Just south of Alma, there’s a long, bumpy, dirt road that takes you up to Kite Lake (aptly named for the lake’s shape when viewed from above). From the lake, there’s multiple trailheads that leave from there, including Lake Emma and the Decalibron. While the Decalibron Loop is a grueling, long, difficult hike, Lake Emma is shorter, and while still of moderate difficulty, is a much easier option while still featuring great views and an alpine lake. It should be noted that the lake’s orientation doesn’t allow for much sunlight, leaving the lake and its ascent snow and ice covered well into hiking season.
Hiking Lake Emma
The Lake Emma hike is short and sweet and the trail is established enough that it’s easy to follow. There are a couple of social trails here and there, but most re-convene with the main path within a short distance. Don’t forget to look behind you, as the views just get better and better down valley as you ascend. On the way up, there’s a couple of collapsed mine entrances with geological markers. Also keep an eye out for some mine vent shafts that have been barred over. Once at the lake, enjoy some beautiful views and crystal clear water before heading back down the parking area.
From Breckenridge, take Hwy 9 south towards Alma for about 15.5 miles. Continue into the town of Alma and take a right onto County Road 8/Buckskin Rd. Follow this dirt road for about 5.5 miles. Towards the end of the road and near the trailhead, the road does get rockier and bumpier, so keep in mind you vehicle’s clearance and capabilities. If you reach a point where you feel like you can no longer continue, pull to the side and park as far off the side of the road as possible and continue on foot. That being said, most vehicles can make it to the trailhead. When approaching the main parking area, there will be a vault toilet on the left. Just on the far side of that structure, you’ll find the beginning of the trail for Lake Emma. The trail to the right of the parking area is for the Decalibron Loop so do not attempt that trail unless fully prepared and physically fit.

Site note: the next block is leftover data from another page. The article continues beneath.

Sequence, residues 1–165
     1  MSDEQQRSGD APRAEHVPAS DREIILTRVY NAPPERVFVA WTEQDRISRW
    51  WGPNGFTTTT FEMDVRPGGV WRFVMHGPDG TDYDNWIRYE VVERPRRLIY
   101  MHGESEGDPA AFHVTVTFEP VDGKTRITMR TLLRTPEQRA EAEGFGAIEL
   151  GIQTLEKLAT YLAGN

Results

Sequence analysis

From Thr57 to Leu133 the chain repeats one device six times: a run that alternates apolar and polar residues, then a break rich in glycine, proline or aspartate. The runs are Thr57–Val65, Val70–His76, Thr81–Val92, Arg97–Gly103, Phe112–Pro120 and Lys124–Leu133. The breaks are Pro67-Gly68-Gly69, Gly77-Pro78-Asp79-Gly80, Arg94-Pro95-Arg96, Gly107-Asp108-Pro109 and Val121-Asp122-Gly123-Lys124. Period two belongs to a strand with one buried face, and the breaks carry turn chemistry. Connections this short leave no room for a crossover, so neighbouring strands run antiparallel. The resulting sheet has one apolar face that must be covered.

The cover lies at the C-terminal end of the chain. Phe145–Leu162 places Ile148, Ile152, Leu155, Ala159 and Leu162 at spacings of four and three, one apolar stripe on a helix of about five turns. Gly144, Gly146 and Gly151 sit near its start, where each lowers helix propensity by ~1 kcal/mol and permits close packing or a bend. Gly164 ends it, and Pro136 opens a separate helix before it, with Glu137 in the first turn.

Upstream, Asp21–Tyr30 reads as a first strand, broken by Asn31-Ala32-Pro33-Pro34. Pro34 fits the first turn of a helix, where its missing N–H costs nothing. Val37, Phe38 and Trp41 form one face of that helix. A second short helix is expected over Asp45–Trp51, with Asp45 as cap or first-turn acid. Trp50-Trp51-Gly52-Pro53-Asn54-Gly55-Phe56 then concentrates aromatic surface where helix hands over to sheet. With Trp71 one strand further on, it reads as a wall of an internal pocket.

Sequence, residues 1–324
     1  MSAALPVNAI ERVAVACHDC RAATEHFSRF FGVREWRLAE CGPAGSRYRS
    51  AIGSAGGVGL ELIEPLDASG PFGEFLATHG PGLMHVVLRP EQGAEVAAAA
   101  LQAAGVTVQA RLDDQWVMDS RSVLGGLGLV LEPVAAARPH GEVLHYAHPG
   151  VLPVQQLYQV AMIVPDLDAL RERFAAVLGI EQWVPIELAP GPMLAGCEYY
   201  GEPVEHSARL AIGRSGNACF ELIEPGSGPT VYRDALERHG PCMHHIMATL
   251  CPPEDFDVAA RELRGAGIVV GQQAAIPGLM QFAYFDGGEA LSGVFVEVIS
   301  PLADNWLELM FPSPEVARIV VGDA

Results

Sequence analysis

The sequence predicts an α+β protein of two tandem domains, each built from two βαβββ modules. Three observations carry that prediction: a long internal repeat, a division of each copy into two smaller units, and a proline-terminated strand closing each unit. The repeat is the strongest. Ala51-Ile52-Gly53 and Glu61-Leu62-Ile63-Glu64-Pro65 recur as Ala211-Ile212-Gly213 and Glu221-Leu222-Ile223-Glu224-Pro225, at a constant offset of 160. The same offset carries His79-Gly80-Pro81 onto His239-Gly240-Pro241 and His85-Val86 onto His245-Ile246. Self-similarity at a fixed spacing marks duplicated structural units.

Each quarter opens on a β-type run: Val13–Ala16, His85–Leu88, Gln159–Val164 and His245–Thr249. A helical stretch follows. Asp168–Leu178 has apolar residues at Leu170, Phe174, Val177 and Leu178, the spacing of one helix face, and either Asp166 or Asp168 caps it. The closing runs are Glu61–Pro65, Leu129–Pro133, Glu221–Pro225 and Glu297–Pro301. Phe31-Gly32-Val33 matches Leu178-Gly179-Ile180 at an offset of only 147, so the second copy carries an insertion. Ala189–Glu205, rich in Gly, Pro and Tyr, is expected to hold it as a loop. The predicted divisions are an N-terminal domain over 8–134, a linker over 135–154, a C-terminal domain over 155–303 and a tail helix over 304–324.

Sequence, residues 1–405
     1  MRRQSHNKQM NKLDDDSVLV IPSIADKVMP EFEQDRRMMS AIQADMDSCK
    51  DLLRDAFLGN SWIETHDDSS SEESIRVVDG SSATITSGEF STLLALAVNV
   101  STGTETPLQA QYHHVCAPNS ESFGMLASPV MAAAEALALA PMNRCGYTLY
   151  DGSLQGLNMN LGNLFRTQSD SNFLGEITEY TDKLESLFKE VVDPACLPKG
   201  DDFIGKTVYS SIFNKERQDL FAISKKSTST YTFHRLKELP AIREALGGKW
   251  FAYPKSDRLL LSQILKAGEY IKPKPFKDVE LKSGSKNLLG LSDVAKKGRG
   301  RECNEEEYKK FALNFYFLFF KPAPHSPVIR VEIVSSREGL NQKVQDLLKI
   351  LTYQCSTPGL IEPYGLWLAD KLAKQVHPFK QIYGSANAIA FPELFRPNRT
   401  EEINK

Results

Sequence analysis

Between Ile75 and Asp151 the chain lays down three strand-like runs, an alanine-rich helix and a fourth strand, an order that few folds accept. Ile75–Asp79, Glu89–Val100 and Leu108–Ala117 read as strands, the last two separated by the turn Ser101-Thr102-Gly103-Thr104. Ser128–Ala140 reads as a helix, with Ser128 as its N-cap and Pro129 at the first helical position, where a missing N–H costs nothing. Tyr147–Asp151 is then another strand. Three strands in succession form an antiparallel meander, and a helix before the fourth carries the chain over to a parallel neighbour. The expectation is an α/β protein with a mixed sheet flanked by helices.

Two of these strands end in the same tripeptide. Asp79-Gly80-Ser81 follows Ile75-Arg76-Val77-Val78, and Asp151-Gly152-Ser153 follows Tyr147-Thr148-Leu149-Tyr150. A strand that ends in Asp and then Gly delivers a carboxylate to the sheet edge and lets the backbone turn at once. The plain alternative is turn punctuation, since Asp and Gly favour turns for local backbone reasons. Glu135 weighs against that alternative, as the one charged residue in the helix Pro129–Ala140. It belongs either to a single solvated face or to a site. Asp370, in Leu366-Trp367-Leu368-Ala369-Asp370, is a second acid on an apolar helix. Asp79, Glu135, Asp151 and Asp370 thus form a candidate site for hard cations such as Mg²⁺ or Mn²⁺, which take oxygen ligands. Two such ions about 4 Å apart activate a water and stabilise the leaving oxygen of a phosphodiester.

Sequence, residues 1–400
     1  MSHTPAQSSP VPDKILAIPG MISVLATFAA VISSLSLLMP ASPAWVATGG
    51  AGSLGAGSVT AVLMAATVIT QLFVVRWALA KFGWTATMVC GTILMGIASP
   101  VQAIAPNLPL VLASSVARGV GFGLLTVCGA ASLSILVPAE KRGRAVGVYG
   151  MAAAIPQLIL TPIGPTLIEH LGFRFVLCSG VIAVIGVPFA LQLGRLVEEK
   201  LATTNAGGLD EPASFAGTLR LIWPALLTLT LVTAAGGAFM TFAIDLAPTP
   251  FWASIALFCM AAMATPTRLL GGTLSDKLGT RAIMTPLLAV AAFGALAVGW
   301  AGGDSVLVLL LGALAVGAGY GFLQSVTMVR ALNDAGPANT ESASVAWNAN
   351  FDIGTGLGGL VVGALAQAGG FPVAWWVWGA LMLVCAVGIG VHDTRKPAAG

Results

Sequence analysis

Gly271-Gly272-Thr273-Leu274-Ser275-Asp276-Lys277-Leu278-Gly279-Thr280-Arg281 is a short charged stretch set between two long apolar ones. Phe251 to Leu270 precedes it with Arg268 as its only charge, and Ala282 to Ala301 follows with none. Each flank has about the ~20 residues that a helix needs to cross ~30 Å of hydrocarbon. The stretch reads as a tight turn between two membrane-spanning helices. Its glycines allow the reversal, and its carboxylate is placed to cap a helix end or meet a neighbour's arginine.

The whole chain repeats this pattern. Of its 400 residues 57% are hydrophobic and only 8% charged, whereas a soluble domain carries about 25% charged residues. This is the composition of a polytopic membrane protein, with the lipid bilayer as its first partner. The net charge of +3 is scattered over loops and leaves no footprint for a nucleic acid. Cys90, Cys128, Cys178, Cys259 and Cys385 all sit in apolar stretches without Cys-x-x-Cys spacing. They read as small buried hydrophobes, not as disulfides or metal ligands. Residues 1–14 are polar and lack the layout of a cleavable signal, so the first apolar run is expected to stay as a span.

This trail is only rated as moderate because there’s a decent amount of elevation gain in a short distance. There are certain points that are quite steep, making ascending and descending while upright a bit of a challenge – there were times when I felt more comfortable assisting with my hands. Otherwise, the Lake Emma trail is short and quite do-able. That being said, it is at a high elevation (the entire hike is above 12,000 ft) so we recommend acclimating to being at altitude and taking your time to help prevent altitude sickness.
About the Author
My goal with my writing and Know Nothing Nomads as a whole is to share my passions of hiking, camping, and a love of the outdoors with our readers. Making the difficult and uncertain feel more approachable to people that might not know enough to feel comfortable taking their first steps into the wilderness is a driving factor for me. When I’m not writing you can find me on a trail, in a forest, or next to a river with hiking shoes on my feet and a fly rod somewhere close by.